DOI

  • Sebastian Opitz
  • Andreas Blankenstein
  • Ute Harms
The concept of energy serves biologists as a powerful analytical model to describe phenomena that occurs in the natural world. Due to the concept’s relevance, educational standards of different countries identify energy as a core idea for the teaching and learning of biology and other science subjects. However, previous research on students’ energy understanding has mostly focused on physics contexts. This cross-sectional study extends insight to the field by providing a systematic analysis of students’ (N = 30, grades 5, 7, 9, 11) conceptions about energy in biological contexts. In order to connect the findings to previous research, the study analyses conceptions about four energy aspects that are regarded as central for understanding the concept in different disciplinary contexts, i.e. (1) energy forms/sources, (2) transfer/transformation, (3) degradation/dissipation and (4) energy conservation. The findings identify substantial changes in students’ conceptions about energy between the different grade levels, but also highlight conceptions that students consistently employed across age groups. The results are discussed in the light of previous research on students’ progressing energy understanding and the connection of their energy understanding across different disciplinary contexts. Lastly, the article provides implications for the further development of energy teaching in biological contexts.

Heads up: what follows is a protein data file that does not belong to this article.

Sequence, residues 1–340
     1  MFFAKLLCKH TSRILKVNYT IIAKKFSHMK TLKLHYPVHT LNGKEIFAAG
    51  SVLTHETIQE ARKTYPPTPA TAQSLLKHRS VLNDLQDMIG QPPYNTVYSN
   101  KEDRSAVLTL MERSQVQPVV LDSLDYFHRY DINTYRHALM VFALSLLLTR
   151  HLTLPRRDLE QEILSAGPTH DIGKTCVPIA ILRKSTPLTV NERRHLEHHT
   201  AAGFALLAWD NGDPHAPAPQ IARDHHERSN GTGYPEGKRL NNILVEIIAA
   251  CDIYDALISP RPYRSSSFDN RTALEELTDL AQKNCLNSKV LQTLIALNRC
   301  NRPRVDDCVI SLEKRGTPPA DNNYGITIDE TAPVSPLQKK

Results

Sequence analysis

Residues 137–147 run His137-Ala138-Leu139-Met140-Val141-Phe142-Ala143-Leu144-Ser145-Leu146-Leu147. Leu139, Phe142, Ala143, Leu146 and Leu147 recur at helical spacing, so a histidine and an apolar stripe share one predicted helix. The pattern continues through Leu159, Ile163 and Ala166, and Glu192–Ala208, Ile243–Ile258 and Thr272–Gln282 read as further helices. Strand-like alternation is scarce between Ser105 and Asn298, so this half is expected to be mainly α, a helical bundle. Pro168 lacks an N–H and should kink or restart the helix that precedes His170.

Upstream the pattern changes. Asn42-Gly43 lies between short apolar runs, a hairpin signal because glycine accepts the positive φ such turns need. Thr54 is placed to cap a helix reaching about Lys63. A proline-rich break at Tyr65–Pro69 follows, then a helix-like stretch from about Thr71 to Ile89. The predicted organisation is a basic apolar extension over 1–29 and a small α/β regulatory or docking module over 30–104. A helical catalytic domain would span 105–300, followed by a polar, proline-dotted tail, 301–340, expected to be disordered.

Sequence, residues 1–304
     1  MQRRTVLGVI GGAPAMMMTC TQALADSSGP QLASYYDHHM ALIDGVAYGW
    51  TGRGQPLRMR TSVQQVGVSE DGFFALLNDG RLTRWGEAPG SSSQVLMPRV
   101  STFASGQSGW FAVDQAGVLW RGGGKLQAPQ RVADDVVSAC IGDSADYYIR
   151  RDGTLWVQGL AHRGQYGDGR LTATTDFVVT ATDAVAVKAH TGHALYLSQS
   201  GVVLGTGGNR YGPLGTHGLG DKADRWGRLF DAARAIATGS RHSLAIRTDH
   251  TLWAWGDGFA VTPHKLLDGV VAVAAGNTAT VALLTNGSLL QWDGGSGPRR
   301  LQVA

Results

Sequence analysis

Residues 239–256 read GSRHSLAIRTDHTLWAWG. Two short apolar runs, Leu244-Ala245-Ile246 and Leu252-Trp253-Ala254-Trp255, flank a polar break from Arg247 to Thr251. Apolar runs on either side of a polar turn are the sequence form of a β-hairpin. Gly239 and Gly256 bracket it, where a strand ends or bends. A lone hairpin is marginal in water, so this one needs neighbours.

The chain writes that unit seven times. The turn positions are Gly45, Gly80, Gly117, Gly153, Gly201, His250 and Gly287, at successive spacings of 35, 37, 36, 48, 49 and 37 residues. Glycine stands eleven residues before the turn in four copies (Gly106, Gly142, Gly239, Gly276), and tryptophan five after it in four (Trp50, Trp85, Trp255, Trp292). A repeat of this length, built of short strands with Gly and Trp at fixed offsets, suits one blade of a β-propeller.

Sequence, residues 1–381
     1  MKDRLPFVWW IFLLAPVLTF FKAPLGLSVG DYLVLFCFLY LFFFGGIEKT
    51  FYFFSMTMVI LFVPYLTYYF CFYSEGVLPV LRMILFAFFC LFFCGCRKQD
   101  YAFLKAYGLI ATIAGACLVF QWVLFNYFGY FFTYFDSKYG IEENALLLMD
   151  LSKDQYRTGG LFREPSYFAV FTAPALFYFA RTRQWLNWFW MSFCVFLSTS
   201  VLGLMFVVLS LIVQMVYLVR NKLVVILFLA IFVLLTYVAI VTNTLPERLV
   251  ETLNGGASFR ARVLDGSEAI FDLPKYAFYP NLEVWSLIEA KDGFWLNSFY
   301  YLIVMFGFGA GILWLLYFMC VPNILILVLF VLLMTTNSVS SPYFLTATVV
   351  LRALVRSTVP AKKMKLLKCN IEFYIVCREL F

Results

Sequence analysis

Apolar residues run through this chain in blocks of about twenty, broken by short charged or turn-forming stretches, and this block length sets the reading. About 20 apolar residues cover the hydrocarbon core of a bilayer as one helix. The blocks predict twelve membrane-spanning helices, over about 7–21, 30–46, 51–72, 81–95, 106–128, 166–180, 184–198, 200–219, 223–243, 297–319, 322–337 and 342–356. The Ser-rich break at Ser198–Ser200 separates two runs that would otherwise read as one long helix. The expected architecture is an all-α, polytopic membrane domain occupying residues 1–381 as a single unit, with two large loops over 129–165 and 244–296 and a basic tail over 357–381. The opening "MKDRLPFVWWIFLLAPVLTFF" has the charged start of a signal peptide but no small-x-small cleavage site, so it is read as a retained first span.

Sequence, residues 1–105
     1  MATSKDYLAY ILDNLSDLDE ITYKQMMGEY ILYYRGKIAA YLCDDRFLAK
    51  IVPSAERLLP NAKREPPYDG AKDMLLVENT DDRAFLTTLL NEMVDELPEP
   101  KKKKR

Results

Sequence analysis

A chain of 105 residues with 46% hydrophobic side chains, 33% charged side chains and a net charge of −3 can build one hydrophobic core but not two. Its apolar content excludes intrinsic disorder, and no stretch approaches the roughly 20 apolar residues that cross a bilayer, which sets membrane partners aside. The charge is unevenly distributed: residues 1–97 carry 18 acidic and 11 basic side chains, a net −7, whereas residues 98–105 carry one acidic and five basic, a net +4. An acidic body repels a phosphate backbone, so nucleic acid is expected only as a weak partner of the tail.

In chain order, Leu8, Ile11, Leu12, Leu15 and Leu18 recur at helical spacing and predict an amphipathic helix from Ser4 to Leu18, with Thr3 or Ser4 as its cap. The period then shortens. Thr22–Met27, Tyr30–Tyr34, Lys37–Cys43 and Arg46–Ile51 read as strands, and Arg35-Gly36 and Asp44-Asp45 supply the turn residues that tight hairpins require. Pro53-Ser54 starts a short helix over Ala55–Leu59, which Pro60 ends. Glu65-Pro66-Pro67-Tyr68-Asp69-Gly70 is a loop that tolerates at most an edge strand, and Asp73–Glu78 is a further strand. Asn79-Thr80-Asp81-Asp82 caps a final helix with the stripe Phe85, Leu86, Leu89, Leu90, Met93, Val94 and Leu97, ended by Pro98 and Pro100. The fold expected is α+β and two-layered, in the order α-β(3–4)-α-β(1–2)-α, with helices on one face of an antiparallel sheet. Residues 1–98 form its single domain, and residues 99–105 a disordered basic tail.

OriginalspracheEnglisch
ZeitschriftJournal of Biological Education
Band51
Ausgabe4
Seiten (von - bis)427-440
Seitenumfang14
ISSN0021-9266
DOIs
ZustandVeröffentlicht - 2017

ID: 815483